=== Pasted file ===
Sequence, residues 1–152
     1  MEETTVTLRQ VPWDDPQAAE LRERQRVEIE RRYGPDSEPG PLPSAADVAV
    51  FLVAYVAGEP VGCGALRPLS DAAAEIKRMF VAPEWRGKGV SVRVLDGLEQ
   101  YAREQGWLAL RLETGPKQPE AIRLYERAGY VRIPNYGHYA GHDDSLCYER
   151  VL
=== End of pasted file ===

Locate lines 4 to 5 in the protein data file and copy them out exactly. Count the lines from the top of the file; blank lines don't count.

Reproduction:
   101  YAREQGWLAL RLETGPKQPE AIRLYERAGY VRIPNYGHYA GHDDSLCYER
   151  VL